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Is Value Investing Finally Making a Comeback?

As our regular readers know, value stocks have underperformed the broader market for the past few years, while growth and momentum stocks have outperformed. In fact, this divergence has been so pronounced that it erased some very long-term records of outperformance among several well-respected value managers.

However, it is important to put the recent past in a broader historical context.  Stepping back and looking at the big picture, we see that value stocks have outperformed the broader market in the vast majority of rolling 5 year periods since WWII, as depicted in the chart below:

Growth vs. Value

The case for value investing is intellectually sound. No matter what process one uses to value equities, there is no denying that stock prices are much more volatile than business values. The main causes for this discrepancy have to do with rapidly changing investors’ expectations and psychology.

Since stocks represent a share of the underlying business, and stock prices do not always reflect the value of the business, the market frequently presents opportunities to exploit the difference between price and value. At any given time, the market is comprised of both undervalued and overvalued assets.  Therefore, buying the undervalued ones should lead to outperformance over time. Importantly, this assumes that stocks do not remain undervalued permanently, i.e. that they do eventually become fully valued or even overvalued as investors’ expectations change. This is what statisticians refer to as reversion to the mean. It has been the case historically, and we have no reason to believe that the future will be different.

Candidly, we do not know when value stocks will outperform again. In the meantime, no matter how painful and unpopular our position might be, we remain committed to a process that we believe will continue to be a source of long-term outperformance for our clients and families. And, we would not be surprised if the time for the reversal comes sooner rather than later.

Now that Rules Have Changed, How Can Married Couples Maximize Their Social Security Benefits?
Unless you were 66-years old before April 29th, you can no longer utilize the “file and suspend” or ‘restricted application” strategies to maximize your social security benefits as a married couple.

The best remaining option is to defer claiming benefits. If you have not done so yet, we recommend that you go to socialsecurity.gov and create your account. It will allow you to see your benefits depending on your retirement age. You will notice that there is a strong incentive to delay past your full retirement age, as benefits increase by about 8% per year up to age 70.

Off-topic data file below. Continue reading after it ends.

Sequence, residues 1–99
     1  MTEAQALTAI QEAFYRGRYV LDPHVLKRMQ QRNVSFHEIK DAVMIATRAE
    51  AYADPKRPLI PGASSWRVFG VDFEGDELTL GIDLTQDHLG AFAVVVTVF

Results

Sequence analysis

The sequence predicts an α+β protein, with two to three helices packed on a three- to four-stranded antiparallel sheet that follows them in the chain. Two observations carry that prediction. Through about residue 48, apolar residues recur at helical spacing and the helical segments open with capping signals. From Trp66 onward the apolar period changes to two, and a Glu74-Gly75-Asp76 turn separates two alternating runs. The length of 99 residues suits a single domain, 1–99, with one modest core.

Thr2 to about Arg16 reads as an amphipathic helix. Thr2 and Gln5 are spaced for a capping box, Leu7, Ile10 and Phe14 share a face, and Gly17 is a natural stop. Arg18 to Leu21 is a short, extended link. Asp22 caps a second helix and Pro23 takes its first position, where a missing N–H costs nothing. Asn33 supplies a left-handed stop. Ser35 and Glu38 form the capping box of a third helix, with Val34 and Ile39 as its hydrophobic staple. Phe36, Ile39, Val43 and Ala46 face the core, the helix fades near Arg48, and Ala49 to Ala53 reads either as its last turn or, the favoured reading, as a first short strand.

The optimal age to file for social security is contingent on a number of variables and assumptions, but the most important one is how long you might live. According to the social security administration,  a 65-year old today has a 33% chance of living to age 90, and a 14% chance of  living to age 95. For couples, the odds are twice as high that one spouse will live that long. Since the survivor benefits are 100% of the deceased, it makes sense for the higher-earning spouse to delay filing, if possible.

There is no magic bullet to estimate how long you’ll live. Take a look at your own and your spouse’s health history as well as longevity within your families. The social security administration recently published a paper on the subject of maximizing your benefits. Although it is relatively complex, and takes into account the rate of return you project for your portfolio, the bottom line (chart 1 of the document) is that, for most of our clients, if you or your spouse expect to live past 80, the higher earning spouse should delay receiving benefits.

If some of you are concerned about whether they will be any benefits to receive in 20 or 30 years, it is important to note (see this Morningstar video interview) that contrary to what you may have read or heard, social security benefits are not going away. However, it is possible that benefits could be reduced or minimum retirement ages raised, which is why it is so important to continue bolstering your retirement savings.

We recommend that you initiate this discussion with us well before you file for social security, as we have at our disposal some analytical tools to provide you with a more customized review of your options, including potential tax implications of the different filing plans, in coordination with your portfolio withdrawal strategies.